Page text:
While we’ve had birdseed feeders for years, we never saw birds eating seeds directly off of plants — because there were no seeds for them to eat. In the past, I painstakingly cut spent flowers to keep the garden looking tidy. Each fall I cut back plants, again, to keep them tidy. Tidy gardens aren’t very useful to birds though, or any other wildlife.
A not-so-tidy garden full of life
Now I grow many native plants that provide nectar and pollen for pollinators, leaves for insects to eat, and nutritious seeds and berries for birds. I’m aiming for a more naturalistic style. Instead of deadheading flowers and cutting them back each autumn, I leave them as a seed buffet for birds to eat from late summer well into winter.
While the garden doesn’t look as tidy, the seed heads do provide structure and visual interest until the deep winter snow covers them up. It’s also a lot less work! With these simple changes, we’re rewarded with beautiful birds visiting our plants, and hours of entertainment.
Cirque du Goldfinch
We now attract lots of bright yellow American Goldfinches, sometimes called wild canaries. I recently discovered that a group of Goldfinches is called a Charm. While they’re eating seeds off of plants, they certainly live up to their name. When we hear their excited twittering, we know to look at their favourite plants to find them. Once we spot stems swaying wildly back-and-forth, and bending toward the ground, we know exactly where they are. Time to get out the binoculars and camera. (They are easily spooked if you get too close, or move around too quickly, so we observe them from a distance.)
Goldfinches remind me of circus acrobats — swiftly climbing stem poles, carefully shuffling along bent stems like tightropes, and even hanging upside down. They’ll do whatever it takes to reach the tasty seeds. I have yet to capture their gymnastics on video, so photos will have to do.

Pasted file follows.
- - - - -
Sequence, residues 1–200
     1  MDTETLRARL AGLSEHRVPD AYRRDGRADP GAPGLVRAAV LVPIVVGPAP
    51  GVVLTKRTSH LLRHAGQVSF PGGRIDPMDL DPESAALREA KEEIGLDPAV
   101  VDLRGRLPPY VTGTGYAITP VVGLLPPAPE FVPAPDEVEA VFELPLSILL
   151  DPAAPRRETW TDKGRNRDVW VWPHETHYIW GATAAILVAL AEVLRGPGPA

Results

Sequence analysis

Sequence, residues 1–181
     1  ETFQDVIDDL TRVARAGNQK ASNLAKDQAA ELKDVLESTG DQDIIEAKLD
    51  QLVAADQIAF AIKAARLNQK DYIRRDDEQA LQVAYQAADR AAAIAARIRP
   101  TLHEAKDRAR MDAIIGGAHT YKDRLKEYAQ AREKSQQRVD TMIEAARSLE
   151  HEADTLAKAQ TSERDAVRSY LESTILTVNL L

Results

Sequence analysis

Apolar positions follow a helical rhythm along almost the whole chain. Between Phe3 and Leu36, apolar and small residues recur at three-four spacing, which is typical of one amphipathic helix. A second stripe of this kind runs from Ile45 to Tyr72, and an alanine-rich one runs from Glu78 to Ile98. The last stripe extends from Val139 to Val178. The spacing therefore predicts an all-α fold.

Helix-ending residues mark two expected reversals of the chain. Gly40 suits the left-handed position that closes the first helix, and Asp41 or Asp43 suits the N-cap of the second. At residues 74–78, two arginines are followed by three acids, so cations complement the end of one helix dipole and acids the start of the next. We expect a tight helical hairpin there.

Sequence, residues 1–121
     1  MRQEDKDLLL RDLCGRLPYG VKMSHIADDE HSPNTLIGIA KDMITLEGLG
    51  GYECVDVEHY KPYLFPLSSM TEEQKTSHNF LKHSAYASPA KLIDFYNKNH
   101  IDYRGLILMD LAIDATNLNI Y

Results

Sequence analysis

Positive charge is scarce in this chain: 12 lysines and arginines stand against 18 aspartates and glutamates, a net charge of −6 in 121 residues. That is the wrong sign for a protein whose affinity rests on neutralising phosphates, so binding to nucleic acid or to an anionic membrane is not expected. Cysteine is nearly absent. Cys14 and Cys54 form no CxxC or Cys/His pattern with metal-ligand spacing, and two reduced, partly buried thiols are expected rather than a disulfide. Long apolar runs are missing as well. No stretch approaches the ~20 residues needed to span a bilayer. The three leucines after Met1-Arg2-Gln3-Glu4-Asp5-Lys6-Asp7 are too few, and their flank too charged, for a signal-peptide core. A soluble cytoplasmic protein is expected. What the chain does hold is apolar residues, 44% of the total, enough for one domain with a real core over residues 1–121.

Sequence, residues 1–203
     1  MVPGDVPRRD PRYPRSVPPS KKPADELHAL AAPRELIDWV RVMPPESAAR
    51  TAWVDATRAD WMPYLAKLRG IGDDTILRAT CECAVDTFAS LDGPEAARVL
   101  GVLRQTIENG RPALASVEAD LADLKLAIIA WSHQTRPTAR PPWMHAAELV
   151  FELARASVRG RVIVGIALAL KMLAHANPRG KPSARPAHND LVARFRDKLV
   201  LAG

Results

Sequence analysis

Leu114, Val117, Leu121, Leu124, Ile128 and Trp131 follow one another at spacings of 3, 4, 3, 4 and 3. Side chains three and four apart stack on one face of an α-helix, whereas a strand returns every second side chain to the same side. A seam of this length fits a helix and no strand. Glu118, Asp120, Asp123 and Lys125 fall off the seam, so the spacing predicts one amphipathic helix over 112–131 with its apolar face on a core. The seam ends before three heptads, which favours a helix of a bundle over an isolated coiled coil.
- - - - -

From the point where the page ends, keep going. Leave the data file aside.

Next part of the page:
What do the preceding photos have in common? Purple Coneflowers, a southern Ontario native plant — and a Goldfinch delicacy. In our front and back yards, they also enjoy the seeds of Cup Plant, Brown-and Black-eyed Susans, and both Woodland and Tall Sunflowers. All of these yellow flowers provide good camouflage, as well as good food. These flowers are all composites — meaning that they are actually many small flowers grouped together in single flower-like structures — so they pack lots of seeds in one spot.
Last year, we also watched Goldfinches eating Anise Hyssop seeds.
Plants preferable to feeders
By providing Goldfinches with plenty of seeds on plants, we’ve reduced their reliance on feeders. Finches are highly susceptible to the Finch Eye Disease, which spreads easily from infected birds to other finches when they all use the same feeder. You can also reduce the risk by bleaching feeders regularly. While the disease itself isn’t always fatal, it makes it more difficult for infected birds to see, find food, and avoid predators. I have seen infected House Finches use our feeders in the past, so I try my best to follow this expert advice.
In the fall garden
In the summer, we usually see Goldfinches in breeding pairs. In the fall, they hang out in busy, chattering flocks. For several days, we watched them eating native clematis (Virgin’s Bower) seeds in the backyard hedgerow.
While they aren’t long-distance migrants, they do move south when the cold weather arrives. All About Birds explains that they “move south in winter following a pattern that seems to coincide with regions where the minimum January temperature is no colder than 0 degrees Fahrenheit on average.”
By November, only a few tough Goldfinches were still visiting the garden. We had an unusually cold and snowy spell in mid-November, so I’m sure this bird wished he’d joined the other Goldfinches that had already flown south.
Goldfinches eat so many seeds because they are strict vegetarians. They even feed their babies seed mush, unlike other songbirds that feed insects to their young. With a diet of dry seeds, they often visit our artificial stream to drink and bathe.
American Goldfinches nest in mid-summer, which is late compared to other birds.
According to All About Birds, they wait until milkweed and thistle fluff is available to line their nests. They’re also waiting for an abundant supply of fresh seeds to feed their chicks.
I’m allowing Common Milkweed to spread in a corner of our yard to feed Monarch caterpillars. I’ve also grew a few native, non-aggressive Pasture Thistles for Goldfinches. Perhaps these milkweed and thistle patches will also entice Goldfinches to nest in our yard next year.